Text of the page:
Reference is made to
As shown in
The first layer filter 201 presents a ring-resonator structure, wherein two ring-resonator pairs R1-R2 and R3-R4 are accommodated between and optically coupled to waveguides W1 and W2. The two ends of the waveguide W1 are associated with the input and output channels 101 and 102, respectively, and two segments S1 and S2 of the waveguide W2 at opposite sides of the ring-resonator pair R5-R6 define the intermediate output and input light-paths 103 and 104, respectively. The second-layer filter structure 202 is formed by the waveguide W2, and output waveguide W3 associated with an add/drop light-path 105, and the ring-resonator pair R5-R6 accommodated between and optically coupled to the waveguides W2 and W3.
The device 200 operates in the following manner. Input light Lin is evanescently coupled from the input light-path 101 to the first ring resonator R1 and the resonator pair R1-R2. Light L(1) in that is resonant in the combined filter R1-R2 (i.e. light of a frequency range corresponding to the resonance condition of the combined resonator) is passed to the lower waveguide W2 (its section S1 defining the light-path 103), while “non-resonant” light L(2) in remains on the top waveguide W1. The free spectral range of the first layer filter 201 determines the number of channels passed (dropped) to the second waveguide W2 from the channels introduced at the optical input 101. The filtered light L(1) in passes through the ring-resonator pair R5-R6 which is tuned (with a minimized tuning range) to a predetermined frequency to be dropped and directs this frequency component L0 to the waveguide W3, i.e., to the light-path 105, while the other portion of light L(1) in remains in the waveguide W2 and passes through the resonator pair R3-R4 (which is tuned to the same resonance frequency as the first pair R1-R2) to the output light-path 102. Thus, all the channels (light L0 of the predetermined frequency or frequency range) in the drop light-path 105 meet the resonance condition, and all the remaining input channels (with frequencies other than the predetermined one) appear at the output light-path 102.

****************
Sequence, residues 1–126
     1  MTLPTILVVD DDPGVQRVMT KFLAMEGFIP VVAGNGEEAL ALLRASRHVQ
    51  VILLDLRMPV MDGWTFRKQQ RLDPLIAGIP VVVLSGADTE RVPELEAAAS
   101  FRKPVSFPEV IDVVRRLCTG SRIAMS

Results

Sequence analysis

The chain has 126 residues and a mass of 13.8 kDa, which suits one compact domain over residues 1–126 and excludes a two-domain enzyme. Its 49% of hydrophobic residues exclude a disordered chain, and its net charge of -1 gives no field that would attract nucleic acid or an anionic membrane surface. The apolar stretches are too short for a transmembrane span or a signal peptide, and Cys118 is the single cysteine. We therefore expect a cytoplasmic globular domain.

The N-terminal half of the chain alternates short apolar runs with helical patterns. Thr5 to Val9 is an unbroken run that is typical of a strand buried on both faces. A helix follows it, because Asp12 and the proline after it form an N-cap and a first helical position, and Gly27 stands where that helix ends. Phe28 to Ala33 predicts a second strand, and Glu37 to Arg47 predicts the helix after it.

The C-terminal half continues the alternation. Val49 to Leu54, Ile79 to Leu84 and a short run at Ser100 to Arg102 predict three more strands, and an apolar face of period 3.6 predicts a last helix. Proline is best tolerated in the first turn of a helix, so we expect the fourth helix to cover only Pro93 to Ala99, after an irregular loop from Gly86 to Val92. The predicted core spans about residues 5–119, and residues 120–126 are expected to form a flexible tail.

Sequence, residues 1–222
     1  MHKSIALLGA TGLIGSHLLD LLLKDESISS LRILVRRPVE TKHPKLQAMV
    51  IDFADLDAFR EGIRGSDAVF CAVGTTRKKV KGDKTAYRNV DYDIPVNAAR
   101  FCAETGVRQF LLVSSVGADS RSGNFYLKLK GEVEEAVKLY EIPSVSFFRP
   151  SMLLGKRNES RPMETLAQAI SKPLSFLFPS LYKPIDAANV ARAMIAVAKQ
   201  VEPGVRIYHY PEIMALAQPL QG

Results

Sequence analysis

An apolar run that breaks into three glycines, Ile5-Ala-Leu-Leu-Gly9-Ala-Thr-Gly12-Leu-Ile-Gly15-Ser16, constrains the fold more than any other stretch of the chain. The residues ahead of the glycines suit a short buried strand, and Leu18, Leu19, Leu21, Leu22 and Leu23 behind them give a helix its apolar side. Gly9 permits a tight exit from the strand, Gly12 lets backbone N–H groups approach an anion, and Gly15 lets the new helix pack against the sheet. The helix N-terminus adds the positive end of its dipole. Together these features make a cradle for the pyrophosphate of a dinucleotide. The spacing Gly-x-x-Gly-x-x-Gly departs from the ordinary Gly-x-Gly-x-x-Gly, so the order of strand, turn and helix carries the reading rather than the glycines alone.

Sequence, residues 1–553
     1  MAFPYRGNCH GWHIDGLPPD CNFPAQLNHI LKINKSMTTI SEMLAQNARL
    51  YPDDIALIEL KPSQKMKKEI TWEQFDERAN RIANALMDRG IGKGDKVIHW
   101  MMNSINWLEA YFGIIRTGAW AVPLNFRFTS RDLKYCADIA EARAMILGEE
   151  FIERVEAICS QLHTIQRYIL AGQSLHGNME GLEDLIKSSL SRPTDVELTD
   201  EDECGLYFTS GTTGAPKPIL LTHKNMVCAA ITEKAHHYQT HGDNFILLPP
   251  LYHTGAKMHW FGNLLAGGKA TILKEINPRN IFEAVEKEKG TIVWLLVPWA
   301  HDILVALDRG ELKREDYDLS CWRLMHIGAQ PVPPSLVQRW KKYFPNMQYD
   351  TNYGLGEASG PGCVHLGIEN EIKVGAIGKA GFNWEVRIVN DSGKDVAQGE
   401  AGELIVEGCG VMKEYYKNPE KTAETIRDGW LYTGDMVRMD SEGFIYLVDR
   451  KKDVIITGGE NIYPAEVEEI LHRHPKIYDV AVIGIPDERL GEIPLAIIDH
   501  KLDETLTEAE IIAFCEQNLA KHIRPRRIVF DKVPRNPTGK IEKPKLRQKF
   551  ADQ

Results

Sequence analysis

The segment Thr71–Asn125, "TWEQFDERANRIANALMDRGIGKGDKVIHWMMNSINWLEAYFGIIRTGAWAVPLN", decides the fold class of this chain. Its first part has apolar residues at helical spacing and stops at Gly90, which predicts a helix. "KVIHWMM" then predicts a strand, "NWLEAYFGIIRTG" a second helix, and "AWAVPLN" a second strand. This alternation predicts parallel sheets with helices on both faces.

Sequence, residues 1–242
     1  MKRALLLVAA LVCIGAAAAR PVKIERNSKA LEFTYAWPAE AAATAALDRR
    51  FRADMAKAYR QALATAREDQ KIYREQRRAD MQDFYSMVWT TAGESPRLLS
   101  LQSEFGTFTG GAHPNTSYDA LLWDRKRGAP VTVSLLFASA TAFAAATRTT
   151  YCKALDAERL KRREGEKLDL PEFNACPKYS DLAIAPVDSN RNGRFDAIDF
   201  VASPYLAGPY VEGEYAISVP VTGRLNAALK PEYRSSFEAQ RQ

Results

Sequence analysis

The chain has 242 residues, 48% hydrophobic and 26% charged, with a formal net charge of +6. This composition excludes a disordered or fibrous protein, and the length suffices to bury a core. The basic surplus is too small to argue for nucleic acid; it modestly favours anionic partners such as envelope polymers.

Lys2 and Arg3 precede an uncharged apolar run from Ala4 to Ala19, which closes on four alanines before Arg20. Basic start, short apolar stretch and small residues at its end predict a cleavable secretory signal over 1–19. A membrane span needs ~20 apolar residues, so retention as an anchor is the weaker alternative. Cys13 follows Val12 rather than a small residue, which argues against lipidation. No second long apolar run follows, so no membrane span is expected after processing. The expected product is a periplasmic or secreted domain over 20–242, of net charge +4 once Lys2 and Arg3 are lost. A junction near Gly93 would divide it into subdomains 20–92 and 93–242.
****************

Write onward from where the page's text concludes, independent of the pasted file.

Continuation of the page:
In the example of
As further shown in
In the example of
The present invention allows for using the second-stage filter structure (which can be constructed from any combination of the above optical filters) of a simpler tuning range or spectrum to address, as compared to that of the first-stage filter. When using GAC-based filters, the relative simplicity of the tuning range of the second-stage filter is in that it is of a smaller spectral range than that of the first-layer filter. When using a ring-based implementation, the simplicity is in that it has wider channel spacing, i.e., the channels that appear at the input of the second-stage filter have wider spacing than the spacing in the original WDM channel.
The tuning range required for each of the first- and second-stage filters is limited to the free spectral range (FSR) of the filter. Hence, by choosing a dissimilar FSR for the two filters, the resulting free spectral range of the filter combination (entire device) is given by the multiplication of the FSR of the first- and second-layer filters, whereas the tuning range required for each layer is limited to the FSR of the respective layer individually. As a result, a leverage effect is realized and smaller tuning requirements are achieved.
Those skilled in the art will readily appreciate that various modifications and changes can be applied to the embodiments of the invention as hereinbefore exemplified without departing from its scope defined in and by the appended claims.
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|U.S. Classification||385/27, 385/14|
|International Classification||H04Q11/00, G02B6/12, G02B6/34, H04J14/02|
|Cooperative Classification||G02B2006/12109, G02B6/29395, G02B6/29319, G02B6/29343, H04Q11/0005, H04Q2011/0009, G02B2006/12164, H04J14/0206, H04J14/021, H04Q2011/0018|
|European Classification||H04Q11/00P2, G02B6/293D4F2, G02B6/293E4R6|
|Aug 21, 2002||AS||Assignment|
|Jul 14, 2008||REMI||Maintenance fee reminder mailed|
|Jan 4, 2009||LAPS||Lapse for failure to pay maintenance fees|
|Feb 24, 2009||FP||Expired due to failure to pay maintenance fee|
Effective date: 20090104